We keep trying to explain the Baltimore Orioles. After all, they’re destroying the American League East, up by 12.5 games at the moment over the Blue Jays. They’re likely to clinch it in the next 24-48 hours, and when the playoffs roll around, they’ll be the No. 2 seed, kicking off an ALDS at home against either Detroit or Kansas City, depending on which of the two win the AL Central. They’re doing this despite a list of things that have gone wrong this year, most of which I laid out here in July, and that was before Manny Machado injured his knee and Chris Davis got suspended. Dave Cameron made a very thorough case for the simplicity of accepting randomness, and August Fagerstrom looked into how much power the lineup has had, largely thanks to Nelson Cruz.
It’s all of those things, and it’s none of them. It’s the managerial genius of Buck Showalter, if you want it to be, and it’s also the unquantifiable magic of balls bouncing the right way. It’s Dan Duquette playing with never-ending roster moves, or it’s outstanding (and generally random) performance in clutch situations, or it’s defense that hasn’t had a single weak spot. We can argue about whether the Orioles are a good team that has had enough things go their way in the right spots to look like a great one, or if they are actually that great team and we’ve just been so wrong about them, but in the end it doesn’t matter so much. The wins are banked, and they’re headed to the playoffs, and if that sounds insane knowing that they won’t have Davis, Machado or Matt Wieters, you’re not alone.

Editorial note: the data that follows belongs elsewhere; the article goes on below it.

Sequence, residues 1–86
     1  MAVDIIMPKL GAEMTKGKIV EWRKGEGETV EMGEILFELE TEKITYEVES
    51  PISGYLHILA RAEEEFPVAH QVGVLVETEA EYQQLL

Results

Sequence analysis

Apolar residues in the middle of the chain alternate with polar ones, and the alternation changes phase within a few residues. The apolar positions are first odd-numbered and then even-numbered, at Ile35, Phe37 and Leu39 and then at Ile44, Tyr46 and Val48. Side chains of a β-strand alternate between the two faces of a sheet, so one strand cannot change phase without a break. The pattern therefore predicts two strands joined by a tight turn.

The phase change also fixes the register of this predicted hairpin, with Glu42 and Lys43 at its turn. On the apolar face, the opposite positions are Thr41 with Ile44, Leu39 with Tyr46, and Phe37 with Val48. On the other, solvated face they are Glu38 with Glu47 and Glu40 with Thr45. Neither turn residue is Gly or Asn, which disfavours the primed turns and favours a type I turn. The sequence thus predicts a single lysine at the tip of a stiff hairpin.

Sometimes, though, it’s not so complicated. Sometimes there’s a Steve Pearce.
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You have to figure that on a team that’s outplaying even the most optimistic projections, someone has come out of nowhere to provide unexpected production, and on this team, that someone is Steve Pearce. He’s 31 years old, and prior to 2014 he had 847 below-average major league plate appearances for the Pirates, Orioles, Yankees and Astros. Entering the year, his career had been worth 0.2 WAR. Exiting this year, his career will be worth something like 5 WAR, because here’s the Orioles’ offensive WAR leaders:
1) Adam Jones, 5.4
2) Pearce, 4.6
It’s not just us, either. Baseball-Reference has him at 5.5 WAR. Baseball Prospectus says 4.1. Obviously, there’s some variation there, but no one disagrees that he’s been at the very least a four-win player this year. A career of 0.2 WAR in parts of seven seasons for four teams is basically the definition of replacement-level, and few players embody that term as much as Pearce has, because easily my favorite thing about him is his transaction log, which we’ll borrow from Baseball-Reference:
- June 7, 2005: Drafted by the Pittsburgh Pirates in the 8th round of the 2005 amateur draft. Player signed June 11, 2005.
- November 3, 2011: Granted Free Agency.
- December 15, 2011: Signed as a Free Agent with the Minnesota Twins.
- March 27, 2012: Released by the Minnesota Twins.
- March 29, 2012: Signed as a Free Agent with the New York Yankees.